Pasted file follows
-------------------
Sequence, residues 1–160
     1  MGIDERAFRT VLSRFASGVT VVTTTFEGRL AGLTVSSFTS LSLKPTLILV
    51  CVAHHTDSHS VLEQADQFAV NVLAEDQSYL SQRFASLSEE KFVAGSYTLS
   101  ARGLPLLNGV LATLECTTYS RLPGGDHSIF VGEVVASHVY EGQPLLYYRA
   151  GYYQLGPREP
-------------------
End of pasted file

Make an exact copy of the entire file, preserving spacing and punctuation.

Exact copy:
Sequence, residues 1–160
     1  MGIDERAFRT VLSRFASGVT VVTTTFEGRL AGLTVSSFTS LSLKPTLILV
    51  CVAHHTDSHS VLEQADQFAV NVLAEDQSYL SQRFASLSEE KFVAGSYTLS
   101  ARGLPLLNGV LATLECTTYS RLPGGDHSIF VGEVVASHVY EGQPLLYYRA
   151  GYYQLGPREP